- Following Commands
- Repetition (Verbal)
- Object Description
- Concept Definition
ABCD-2 subtests can be given individually or collectively. A time-efficient way to screen for mild dementia is to administer the Story-Retelling test in both the immediate and delayed conditions. Individuals who fail the screen should be given the full battery.
Interviews should be conducted to determine the client’s leisure activities, exercise/physical activity habits, socialization, sleep patterns, medication management and side effects, and communicative function/concerns. The clinician should take time to evaluate the strengths and weaknesses in each of these areas. This information allows for a person-centered approach in developing an intervention plan that can improve skills, promote learning, and support wellness practices that encourage cognitive health (Bayles et al., 2020).
13. Are individuals with MCI good candidates for intervention?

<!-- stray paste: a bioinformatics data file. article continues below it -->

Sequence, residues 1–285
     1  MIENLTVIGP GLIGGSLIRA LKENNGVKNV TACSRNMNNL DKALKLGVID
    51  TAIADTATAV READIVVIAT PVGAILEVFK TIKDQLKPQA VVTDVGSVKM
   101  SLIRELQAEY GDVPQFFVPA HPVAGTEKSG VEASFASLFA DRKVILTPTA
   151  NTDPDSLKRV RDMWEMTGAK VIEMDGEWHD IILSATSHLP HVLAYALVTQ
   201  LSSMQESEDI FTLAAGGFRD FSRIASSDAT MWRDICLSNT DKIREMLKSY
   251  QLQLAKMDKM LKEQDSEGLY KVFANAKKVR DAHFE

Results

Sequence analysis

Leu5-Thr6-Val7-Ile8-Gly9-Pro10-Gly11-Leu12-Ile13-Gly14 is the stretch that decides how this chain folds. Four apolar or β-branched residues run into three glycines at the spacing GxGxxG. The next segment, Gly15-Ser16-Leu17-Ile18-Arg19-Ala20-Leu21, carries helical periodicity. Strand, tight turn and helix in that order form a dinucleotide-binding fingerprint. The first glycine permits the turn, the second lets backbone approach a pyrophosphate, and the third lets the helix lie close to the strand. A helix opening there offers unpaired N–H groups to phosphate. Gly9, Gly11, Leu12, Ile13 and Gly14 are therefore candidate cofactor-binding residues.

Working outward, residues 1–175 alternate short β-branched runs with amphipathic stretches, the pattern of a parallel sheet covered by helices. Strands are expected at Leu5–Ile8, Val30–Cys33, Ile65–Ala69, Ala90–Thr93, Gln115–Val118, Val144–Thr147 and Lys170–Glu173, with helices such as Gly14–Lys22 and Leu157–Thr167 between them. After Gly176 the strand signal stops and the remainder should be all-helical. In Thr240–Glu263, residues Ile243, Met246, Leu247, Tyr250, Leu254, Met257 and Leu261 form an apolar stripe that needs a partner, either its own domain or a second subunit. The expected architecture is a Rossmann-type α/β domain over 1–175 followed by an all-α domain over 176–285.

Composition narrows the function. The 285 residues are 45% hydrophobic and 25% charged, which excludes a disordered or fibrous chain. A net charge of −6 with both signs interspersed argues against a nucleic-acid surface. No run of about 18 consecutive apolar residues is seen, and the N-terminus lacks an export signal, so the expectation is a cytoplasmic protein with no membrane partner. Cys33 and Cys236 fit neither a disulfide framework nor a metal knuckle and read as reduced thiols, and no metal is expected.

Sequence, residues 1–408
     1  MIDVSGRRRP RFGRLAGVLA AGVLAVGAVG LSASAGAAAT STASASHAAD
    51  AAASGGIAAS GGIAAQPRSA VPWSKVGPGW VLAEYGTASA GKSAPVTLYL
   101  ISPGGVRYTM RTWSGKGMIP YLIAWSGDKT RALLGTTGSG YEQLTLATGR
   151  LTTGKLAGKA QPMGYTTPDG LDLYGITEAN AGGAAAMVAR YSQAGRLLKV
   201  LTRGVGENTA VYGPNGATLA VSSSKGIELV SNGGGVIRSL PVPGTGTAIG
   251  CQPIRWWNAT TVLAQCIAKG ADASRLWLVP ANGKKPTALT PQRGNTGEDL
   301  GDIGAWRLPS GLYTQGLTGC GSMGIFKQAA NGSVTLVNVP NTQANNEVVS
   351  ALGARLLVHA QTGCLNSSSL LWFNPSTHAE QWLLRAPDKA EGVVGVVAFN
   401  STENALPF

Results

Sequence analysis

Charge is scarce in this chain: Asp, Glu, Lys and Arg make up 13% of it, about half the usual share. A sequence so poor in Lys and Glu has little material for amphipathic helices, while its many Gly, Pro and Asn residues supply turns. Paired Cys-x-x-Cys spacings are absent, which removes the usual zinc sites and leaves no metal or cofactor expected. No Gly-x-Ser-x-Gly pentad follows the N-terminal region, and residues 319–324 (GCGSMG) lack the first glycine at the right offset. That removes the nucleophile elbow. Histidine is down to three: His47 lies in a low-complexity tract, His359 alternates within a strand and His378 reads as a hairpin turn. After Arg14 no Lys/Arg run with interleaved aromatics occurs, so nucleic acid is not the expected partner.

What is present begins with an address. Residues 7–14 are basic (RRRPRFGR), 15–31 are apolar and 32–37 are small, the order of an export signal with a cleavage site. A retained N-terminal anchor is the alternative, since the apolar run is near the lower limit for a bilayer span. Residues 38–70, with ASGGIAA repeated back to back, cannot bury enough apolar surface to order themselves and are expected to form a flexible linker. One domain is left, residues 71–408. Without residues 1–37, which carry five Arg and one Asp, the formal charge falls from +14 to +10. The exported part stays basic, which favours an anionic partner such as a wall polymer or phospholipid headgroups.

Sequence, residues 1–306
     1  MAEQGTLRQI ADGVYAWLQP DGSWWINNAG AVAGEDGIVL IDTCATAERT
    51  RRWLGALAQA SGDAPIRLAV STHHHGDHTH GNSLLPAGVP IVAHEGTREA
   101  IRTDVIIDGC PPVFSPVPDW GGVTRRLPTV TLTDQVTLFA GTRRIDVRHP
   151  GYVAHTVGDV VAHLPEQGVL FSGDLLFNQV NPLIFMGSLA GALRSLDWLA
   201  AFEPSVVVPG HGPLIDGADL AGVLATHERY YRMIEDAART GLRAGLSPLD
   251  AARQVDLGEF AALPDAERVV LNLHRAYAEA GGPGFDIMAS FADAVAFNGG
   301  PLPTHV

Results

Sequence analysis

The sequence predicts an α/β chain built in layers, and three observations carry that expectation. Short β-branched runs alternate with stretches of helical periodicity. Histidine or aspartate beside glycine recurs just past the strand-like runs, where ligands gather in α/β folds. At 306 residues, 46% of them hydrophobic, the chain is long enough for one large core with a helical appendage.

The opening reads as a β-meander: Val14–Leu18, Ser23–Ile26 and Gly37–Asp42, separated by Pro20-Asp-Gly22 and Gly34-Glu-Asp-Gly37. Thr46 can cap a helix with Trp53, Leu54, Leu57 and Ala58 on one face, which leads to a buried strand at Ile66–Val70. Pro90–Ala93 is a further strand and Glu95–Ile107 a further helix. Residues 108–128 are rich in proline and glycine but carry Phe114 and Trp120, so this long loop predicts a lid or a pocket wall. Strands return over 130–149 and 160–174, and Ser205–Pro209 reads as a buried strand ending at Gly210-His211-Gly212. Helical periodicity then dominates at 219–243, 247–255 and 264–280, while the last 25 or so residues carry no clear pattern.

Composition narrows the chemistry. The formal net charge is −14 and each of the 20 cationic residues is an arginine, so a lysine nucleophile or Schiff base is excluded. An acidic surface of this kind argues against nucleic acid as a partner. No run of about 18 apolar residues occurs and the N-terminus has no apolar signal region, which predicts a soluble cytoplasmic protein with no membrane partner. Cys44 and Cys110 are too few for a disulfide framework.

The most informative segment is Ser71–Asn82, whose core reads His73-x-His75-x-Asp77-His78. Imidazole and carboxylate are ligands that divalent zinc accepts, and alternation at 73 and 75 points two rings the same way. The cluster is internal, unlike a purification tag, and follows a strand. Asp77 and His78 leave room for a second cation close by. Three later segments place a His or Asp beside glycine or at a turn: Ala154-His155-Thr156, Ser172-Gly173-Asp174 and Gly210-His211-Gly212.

Individuals with MCI, regardless of cause, are ideal candidates for intervention because they maintain the ability to learn and can, therefore, build cognitive reserve. Moreover, compelling evidence now exists that cognitive intervention programs produce measurable changes in the brain that are associated with enhanced cognitive reserve (Belleville & Bherer, 2012; Hampstead et al., 2018). Clinicians should be aware that cognitive intervention is also shown to benefit healthy older adults (Basak et al., 2020).
14. What is cognitive reserve?
Cognitive reserve is the brain’s ability to adapt and find alternate ways to get the job done. Cognitive reserve impacts the degree to which an individual can adapt to the effects of aging, brain injury, and disease. Cognitive reserve is built over a lifetime and those with greater cognitive reserve have extensive synaptic networks and are better able to compensate for brain damage (Bosch et al., 2010; Tucker & Stern, 2011). Several factors including brain size, level of education, and life experiences are related to the strength of one’s cognitive reserve (Riley et al., 2006). In other words, individuals with higher levels of education and more demanding careers reduce their risk of developing dementia with a greater cognitive reserve (Rouillard et al., 2017).